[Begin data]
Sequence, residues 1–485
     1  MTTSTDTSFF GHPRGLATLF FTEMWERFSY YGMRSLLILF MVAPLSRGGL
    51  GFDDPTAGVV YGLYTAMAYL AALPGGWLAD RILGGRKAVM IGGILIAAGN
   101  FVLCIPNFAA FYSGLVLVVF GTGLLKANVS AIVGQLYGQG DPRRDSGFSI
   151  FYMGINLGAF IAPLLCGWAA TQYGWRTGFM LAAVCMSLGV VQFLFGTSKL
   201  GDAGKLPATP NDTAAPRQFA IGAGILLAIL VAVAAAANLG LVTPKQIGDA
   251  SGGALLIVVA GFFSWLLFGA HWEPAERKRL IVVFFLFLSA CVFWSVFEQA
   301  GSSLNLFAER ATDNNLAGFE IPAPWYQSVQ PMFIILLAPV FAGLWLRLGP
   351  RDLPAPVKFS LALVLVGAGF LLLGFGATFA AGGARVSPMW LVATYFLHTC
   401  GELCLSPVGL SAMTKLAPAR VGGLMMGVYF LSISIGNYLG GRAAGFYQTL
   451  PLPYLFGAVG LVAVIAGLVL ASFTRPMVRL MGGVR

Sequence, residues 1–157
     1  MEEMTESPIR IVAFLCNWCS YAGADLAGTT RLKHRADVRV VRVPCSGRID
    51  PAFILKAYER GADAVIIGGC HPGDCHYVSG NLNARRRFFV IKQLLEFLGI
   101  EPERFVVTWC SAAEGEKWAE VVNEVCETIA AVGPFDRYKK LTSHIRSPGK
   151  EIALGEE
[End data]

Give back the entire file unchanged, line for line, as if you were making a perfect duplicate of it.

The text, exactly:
Sequence, residues 1–485
     1  MTTSTDTSFF GHPRGLATLF FTEMWERFSY YGMRSLLILF MVAPLSRGGL
    51  GFDDPTAGVV YGLYTAMAYL AALPGGWLAD RILGGRKAVM IGGILIAAGN
   101  FVLCIPNFAA FYSGLVLVVF GTGLLKANVS AIVGQLYGQG DPRRDSGFSI
   151  FYMGINLGAF IAPLLCGWAA TQYGWRTGFM LAAVCMSLGV VQFLFGTSKL
   201  GDAGKLPATP NDTAAPRQFA IGAGILLAIL VAVAAAANLG LVTPKQIGDA
   251  SGGALLIVVA GFFSWLLFGA HWEPAERKRL IVVFFLFLSA CVFWSVFEQA
   301  GSSLNLFAER ATDNNLAGFE IPAPWYQSVQ PMFIILLAPV FAGLWLRLGP
   351  RDLPAPVKFS LALVLVGAGF LLLGFGATFA AGGARVSPMW LVATYFLHTC
   401  GELCLSPVGL SAMTKLAPAR VGGLMMGVYF LSISIGNYLG GRAAGFYQTL
   451  PLPYLFGAVG LVAVIAGLVL ASFTRPMVRL MGGVR

Sequence, residues 1–157
     1  MEEMTESPIR IVAFLCNWCS YAGADLAGTT RLKHRADVRV VRVPCSGRID
    51  PAFILKAYER GADAVIIGGC HPGDCHYVSG NLNARRRFFV IKQLLEFLGI
   101  EPERFVVTWC SAAEGEKWAE VVNEVCETIA AVGPFDRYKK LTSHIRSPGK
   151  EIALGEE